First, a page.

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Will Student Loans Take My Refund In 2024

Written by: Jody Adams
Last updated: January 31, 2024

Student loans are a common option for low-income households and financially struggling individuals to afford a college education. According to the most recent statistics from Education Data, there were 44.7 million Americans with student loan debt in 2022, totaling $1.757 trillion. Student loan defaults, however, account for approximately 11.5% of borrowers, or 5.14 million American students.

In most cases, having a defaulted student loan can affect your tax returns. This article will explore how student loans impact your tax refunds in 2024 and the different types of federal student loans that can affect your tax refunds. Continue reading the article below to learn more.

Overview of Student Loans And Tax Refunds 

Understanding how student loans and tax refunds work is critical, as these things significantly affect your life plans and future goals. 

Money taken out from a private creditor or the government to cover college expenses is generally known as a student loan. Unlike Pell Grants or college scholarships, most student loans have to be paid back with interest over a set period of time. Student loans may be used to pay for educational expenses, including:

  • Tuition fees
  • Miscellaneous
  • Books and other school supplies
  • Transportation
  • Living expenses
  • Laptops or tablets
  • Other necessary learning equipment

On the other hand, tax refunds are cash reimbursements given to taxpayers from the state or federal government after they have paid more in taxes than they owe. Generally, you may be eligible for a tax refund if you overpaid your taxes from the previous tax year. However, in some instances, if you are in debt from a federal student loan that is in default, the government may seize your tax refunds to compensate a percentage of the defaulted balance.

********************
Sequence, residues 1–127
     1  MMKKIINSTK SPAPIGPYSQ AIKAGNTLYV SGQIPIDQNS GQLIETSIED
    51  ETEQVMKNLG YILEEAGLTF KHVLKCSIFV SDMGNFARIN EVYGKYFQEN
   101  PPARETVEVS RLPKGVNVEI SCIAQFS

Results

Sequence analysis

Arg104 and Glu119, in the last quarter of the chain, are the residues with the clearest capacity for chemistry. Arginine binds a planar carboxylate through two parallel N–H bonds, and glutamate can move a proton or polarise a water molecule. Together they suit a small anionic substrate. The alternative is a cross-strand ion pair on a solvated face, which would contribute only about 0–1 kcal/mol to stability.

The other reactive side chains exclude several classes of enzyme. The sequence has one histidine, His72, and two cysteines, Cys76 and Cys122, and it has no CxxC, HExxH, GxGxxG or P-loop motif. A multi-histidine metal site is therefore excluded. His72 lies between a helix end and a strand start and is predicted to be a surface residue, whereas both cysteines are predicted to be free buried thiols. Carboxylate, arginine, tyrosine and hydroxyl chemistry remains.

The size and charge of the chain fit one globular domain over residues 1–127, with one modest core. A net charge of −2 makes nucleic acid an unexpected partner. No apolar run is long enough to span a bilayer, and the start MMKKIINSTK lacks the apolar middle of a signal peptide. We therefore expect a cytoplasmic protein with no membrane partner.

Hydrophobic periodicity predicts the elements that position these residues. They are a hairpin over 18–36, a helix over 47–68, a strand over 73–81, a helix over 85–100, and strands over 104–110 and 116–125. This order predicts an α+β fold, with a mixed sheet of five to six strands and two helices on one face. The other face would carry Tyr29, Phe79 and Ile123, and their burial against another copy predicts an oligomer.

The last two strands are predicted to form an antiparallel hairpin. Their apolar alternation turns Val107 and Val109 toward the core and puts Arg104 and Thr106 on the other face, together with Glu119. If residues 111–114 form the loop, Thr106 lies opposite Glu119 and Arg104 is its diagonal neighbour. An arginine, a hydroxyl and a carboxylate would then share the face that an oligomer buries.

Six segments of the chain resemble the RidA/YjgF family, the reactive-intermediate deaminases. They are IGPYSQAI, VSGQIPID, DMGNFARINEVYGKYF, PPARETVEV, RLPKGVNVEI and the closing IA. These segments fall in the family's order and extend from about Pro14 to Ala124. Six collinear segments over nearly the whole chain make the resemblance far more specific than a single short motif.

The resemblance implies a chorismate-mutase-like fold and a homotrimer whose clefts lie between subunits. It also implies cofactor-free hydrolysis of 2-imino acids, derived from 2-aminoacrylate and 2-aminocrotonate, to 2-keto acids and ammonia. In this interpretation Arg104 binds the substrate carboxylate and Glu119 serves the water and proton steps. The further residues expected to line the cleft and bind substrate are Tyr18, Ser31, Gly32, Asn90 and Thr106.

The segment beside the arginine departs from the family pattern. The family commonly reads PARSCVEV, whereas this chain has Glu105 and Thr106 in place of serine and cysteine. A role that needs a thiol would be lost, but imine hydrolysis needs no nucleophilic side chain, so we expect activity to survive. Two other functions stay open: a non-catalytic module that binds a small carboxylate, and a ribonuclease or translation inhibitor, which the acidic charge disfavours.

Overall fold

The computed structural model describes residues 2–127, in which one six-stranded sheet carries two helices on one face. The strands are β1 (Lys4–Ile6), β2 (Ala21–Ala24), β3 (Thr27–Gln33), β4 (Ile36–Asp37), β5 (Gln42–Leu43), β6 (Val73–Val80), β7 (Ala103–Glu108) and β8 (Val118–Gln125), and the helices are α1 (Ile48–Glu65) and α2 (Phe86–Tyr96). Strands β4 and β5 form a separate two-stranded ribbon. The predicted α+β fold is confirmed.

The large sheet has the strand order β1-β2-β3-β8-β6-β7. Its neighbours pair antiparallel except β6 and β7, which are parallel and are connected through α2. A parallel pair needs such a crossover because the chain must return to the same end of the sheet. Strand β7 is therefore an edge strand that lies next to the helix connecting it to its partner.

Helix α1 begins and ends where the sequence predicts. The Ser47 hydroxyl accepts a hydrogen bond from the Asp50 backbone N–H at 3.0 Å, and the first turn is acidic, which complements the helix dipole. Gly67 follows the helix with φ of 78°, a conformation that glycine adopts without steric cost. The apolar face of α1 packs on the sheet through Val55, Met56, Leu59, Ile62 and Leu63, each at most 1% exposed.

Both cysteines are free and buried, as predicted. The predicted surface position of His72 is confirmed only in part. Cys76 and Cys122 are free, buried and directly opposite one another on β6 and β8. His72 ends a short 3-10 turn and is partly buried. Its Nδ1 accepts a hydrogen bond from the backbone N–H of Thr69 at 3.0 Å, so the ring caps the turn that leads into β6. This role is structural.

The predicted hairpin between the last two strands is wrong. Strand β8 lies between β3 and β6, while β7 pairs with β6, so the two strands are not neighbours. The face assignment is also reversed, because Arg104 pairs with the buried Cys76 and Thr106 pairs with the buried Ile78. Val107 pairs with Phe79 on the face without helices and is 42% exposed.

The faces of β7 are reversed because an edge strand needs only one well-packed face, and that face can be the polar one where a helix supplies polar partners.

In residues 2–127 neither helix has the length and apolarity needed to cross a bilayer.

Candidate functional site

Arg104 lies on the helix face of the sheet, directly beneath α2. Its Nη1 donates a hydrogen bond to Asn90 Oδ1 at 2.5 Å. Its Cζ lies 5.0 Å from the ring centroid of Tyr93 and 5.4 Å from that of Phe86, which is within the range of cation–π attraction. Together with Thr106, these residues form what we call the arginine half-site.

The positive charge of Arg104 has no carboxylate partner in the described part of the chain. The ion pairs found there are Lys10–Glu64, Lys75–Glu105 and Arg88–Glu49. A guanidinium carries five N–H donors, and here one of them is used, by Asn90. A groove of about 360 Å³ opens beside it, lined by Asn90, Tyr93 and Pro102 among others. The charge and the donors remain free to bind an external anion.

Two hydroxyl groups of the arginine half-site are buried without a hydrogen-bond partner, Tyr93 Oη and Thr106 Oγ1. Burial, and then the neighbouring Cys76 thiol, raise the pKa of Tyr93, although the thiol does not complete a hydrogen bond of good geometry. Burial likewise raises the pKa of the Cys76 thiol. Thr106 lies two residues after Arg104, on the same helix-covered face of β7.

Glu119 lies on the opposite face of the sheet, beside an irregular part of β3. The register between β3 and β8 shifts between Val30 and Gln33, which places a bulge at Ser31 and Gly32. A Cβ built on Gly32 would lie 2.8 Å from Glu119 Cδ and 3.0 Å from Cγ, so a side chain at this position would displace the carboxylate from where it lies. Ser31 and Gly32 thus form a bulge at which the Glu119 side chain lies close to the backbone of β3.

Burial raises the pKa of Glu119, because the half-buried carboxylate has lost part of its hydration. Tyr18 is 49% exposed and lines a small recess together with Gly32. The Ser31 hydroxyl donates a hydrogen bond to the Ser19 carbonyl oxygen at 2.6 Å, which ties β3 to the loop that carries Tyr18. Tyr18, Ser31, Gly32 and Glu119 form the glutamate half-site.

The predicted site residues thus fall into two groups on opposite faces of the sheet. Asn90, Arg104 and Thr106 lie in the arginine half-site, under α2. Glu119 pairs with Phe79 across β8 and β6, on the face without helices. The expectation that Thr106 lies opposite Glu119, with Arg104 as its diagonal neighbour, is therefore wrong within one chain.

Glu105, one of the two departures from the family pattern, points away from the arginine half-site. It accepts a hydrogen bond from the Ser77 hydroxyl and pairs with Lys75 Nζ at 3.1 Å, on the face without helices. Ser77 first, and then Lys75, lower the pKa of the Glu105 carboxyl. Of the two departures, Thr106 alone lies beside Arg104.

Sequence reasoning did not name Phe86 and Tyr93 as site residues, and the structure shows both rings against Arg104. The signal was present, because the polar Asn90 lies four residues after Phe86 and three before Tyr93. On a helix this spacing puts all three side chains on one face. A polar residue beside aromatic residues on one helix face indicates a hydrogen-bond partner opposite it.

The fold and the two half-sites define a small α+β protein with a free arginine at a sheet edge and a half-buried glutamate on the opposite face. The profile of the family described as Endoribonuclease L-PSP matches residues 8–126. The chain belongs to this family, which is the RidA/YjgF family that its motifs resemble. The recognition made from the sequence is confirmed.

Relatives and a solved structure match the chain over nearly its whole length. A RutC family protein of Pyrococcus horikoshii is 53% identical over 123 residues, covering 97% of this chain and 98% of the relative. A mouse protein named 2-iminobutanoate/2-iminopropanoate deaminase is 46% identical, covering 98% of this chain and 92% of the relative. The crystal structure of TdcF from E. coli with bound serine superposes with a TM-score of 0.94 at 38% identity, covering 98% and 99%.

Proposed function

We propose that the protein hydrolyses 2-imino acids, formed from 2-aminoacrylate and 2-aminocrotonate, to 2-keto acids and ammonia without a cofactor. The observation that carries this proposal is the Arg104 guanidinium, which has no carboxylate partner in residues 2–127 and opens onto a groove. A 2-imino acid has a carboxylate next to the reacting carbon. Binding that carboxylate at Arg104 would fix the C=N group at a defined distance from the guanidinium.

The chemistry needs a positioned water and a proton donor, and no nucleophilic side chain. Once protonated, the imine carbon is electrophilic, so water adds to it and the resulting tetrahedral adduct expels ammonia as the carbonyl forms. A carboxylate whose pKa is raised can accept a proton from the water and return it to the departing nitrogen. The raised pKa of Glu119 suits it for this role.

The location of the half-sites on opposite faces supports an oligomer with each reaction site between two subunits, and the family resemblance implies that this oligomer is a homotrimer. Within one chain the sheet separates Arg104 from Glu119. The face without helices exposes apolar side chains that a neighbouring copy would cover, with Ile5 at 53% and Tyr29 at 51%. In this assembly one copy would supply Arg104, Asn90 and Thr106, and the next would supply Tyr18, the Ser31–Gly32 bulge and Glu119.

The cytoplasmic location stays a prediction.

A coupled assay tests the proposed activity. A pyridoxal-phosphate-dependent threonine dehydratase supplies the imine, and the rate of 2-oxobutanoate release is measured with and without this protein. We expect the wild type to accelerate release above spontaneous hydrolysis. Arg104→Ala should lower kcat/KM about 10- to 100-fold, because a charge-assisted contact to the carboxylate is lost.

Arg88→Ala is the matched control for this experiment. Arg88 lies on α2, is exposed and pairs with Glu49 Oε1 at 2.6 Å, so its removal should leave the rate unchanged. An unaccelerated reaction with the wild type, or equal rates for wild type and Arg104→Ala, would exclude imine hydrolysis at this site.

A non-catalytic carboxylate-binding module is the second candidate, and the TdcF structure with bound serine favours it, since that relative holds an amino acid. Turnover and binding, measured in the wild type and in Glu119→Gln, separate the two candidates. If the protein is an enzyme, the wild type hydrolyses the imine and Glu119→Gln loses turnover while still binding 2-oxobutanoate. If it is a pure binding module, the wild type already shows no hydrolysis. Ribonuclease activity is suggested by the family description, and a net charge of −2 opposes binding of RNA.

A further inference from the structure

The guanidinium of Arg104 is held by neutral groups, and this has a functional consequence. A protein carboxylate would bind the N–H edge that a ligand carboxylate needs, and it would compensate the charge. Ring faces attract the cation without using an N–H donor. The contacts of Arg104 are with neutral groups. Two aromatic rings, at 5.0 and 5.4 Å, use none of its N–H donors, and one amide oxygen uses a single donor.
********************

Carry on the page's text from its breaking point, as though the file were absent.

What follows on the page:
Will Student Loans Take My Tax Refund 2024

A court order mandating the enforcement of a legal procedure in favor of a creditor is known as a garnishment. A tax garnishment grants the federal and state tax authorities the right to deduct from or seize your tax refund to pay off any outstanding debts to the government. The Treasury Offset Program analyzes and reconciles any federal payments owed to you with any unpaid taxes or benefits you owe the government. 

In order for your tax refund in 2024 to be seized, your federal student loans must have defaulted. However, keep in mind that only defaulted federal loans can take your tax refund; loans from private creditors are not allowed to hold your tax refunds for garnishment.

Explanation Of How Student Loans Can Affect Tax Refunds 

You will receive a notice from your loan holder stating that your account has been referred to the Treasury Offset Program (TOP) if your tax refund is subject to garnishment. This section of the U.S. Department of Treasury collects federal contributions to pay off overdue debts and loans owed to state agencies.

Before your tax returns are held, your loan holder will also give you a tax offset notice. This is typically sent to you months before filing your tax return, giving you enough time to settle your past-due payments. It is important to note that you may only receive such notice once.